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MIT License

© Queensland University of Technology, 2021.

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Contact Information

Postal Address:
Dr Timothy Graham
Ph: +61 7 3138 8187

timothy.graham@qut.edu.au

Full description

A small Python command line tool and set of functions for studying coordination networks in Twitter and other social media data.

Rationale and Background

Social media activity doesn't occur in a vaccuum. Individuals on social media are often taking part in coordinated activities such as protest movements or interest-based communities.

Social media platforms are also used strategically to boost particular messages in line with political campaign goals or for commercial profit and scamming. This involves multiple accounts posting or reposting the same content, repeatedly and within a short time window (e.g. within 1 minute).

This software provides a toolkit to detect coordinated activity on social media and to generate networks that map the actors and their relationships. It provides a general purpose toolkit for multiple types of coordinated activity on any type of social media platform.

Firstly, it includes functionality for co-tweeting and co-retweeting (Keller et al., 2019; Schafer et al., 2017), where accounts post exactly the same text (co-tweets) or repost the same post within a short time window (co-retweets). Secondly, it includes functionality for co-link analysis, where multiple accounts post the same URLs repeatedly and in a short time window of each other (Giglietto et al., 2020). Thirdly, it adds two new types of network types: co-reply, where accounts are replying to the same post repeatedly together; and co-similarity, where accounts post similar text (but not exact duplicates), which relaxes the strict assumption of co-tweeting.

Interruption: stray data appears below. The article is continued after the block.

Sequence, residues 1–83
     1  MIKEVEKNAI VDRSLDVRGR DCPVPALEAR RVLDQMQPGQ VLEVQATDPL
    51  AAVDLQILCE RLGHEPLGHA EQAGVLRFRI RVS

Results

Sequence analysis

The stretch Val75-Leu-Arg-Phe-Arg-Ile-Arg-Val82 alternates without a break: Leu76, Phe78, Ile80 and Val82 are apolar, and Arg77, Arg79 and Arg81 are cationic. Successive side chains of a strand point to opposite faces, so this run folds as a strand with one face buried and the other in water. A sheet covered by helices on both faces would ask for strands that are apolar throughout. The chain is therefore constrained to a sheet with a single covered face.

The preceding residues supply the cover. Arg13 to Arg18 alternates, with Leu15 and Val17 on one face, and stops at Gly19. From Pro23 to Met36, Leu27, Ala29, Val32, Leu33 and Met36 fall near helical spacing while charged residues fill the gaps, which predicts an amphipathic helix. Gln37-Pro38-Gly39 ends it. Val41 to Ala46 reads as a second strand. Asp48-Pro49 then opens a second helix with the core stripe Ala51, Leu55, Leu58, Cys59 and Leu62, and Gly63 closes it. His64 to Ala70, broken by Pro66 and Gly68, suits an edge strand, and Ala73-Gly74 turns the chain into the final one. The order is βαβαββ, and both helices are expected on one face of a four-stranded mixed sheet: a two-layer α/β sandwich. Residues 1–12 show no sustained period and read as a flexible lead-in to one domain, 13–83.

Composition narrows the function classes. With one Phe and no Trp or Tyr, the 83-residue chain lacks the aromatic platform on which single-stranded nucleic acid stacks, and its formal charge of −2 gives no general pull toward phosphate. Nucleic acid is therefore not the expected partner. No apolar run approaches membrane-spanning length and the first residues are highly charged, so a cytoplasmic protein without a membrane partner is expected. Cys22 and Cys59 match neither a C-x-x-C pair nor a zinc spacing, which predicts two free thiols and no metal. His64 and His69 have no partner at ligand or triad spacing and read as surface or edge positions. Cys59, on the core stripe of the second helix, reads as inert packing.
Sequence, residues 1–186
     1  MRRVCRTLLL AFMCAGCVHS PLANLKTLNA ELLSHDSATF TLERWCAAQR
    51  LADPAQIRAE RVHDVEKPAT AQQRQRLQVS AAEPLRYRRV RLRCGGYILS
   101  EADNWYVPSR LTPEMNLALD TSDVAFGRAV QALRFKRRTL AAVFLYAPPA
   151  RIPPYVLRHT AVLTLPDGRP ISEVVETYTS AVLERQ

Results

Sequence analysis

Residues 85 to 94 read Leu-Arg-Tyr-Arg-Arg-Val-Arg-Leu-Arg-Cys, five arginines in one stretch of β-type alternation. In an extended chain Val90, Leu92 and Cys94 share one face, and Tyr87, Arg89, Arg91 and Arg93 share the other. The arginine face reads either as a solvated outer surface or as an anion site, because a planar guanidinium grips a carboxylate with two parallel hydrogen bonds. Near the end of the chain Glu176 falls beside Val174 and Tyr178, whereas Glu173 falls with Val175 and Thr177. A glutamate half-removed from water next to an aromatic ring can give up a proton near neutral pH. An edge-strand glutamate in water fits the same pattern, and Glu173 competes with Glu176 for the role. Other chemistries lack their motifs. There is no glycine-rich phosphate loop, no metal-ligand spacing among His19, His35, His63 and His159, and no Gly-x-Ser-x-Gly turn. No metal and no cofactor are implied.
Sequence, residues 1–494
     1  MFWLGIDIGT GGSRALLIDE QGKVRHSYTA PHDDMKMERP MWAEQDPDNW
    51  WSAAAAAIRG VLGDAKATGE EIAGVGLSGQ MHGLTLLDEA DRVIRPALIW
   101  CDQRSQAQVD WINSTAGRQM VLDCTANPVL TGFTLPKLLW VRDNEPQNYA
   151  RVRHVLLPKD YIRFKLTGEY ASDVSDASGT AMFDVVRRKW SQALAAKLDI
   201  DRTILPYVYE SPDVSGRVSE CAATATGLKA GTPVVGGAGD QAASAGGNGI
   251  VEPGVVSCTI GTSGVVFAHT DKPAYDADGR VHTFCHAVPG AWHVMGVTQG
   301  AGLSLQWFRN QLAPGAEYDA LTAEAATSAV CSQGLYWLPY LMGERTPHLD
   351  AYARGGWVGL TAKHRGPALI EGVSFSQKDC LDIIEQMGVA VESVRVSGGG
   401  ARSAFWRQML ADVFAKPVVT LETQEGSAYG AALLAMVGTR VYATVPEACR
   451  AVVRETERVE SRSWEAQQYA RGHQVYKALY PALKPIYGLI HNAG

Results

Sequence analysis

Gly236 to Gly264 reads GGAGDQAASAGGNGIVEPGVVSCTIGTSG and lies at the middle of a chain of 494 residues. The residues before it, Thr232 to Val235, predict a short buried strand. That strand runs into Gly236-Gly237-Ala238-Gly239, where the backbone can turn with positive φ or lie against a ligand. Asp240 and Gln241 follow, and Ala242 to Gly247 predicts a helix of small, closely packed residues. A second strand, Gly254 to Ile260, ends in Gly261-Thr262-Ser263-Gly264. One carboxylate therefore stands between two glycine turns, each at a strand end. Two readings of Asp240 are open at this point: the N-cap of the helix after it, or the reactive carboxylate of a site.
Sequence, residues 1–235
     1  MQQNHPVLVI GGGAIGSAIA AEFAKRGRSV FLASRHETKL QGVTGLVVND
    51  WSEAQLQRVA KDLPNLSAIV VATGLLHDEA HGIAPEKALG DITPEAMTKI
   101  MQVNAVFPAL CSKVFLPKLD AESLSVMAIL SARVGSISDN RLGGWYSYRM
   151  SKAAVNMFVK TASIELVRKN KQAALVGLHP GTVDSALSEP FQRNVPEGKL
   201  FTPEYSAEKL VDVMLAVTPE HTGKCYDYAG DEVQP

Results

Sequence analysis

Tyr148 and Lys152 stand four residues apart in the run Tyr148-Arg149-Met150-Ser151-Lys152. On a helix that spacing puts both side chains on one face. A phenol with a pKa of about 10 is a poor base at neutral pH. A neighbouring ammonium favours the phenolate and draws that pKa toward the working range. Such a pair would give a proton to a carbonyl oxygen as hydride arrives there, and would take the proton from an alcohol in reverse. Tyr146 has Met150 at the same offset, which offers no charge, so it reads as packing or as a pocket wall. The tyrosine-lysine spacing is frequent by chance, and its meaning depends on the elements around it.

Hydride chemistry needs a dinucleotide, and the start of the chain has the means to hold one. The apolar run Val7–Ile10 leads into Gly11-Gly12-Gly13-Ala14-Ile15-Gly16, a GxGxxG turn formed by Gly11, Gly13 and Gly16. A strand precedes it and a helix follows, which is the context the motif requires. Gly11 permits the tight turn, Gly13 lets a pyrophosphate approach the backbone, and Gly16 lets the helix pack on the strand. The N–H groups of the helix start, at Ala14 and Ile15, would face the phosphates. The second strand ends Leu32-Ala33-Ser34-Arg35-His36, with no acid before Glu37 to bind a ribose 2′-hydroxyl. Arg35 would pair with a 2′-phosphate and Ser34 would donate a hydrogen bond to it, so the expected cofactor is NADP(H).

Five types of coordination networks supported:

1. Co-retweet: reposting the same post

2. Co-tweet: posting identical text

3. Co-similarity: posting similar text (Jaccard similarity or user-defined)

4. Co-link: posting the same link

5. Co-reply: replying to the same post

Installation and Requirements:

This tool requires a working Python 3.6 (or later) environment.

This tool can be installed from pip - this will handle installing the necessary dependencies.

pip install coordination_network_toolkit

Once you have installed it, you can use the toolkit in one of two ways:

1. As a command-line tool (run compute_networks --help to find out how)

2. As a Python library (import coordination_network_toolkit)

For more information, see .

Data time period: 16 11 2020 to 18 12 2020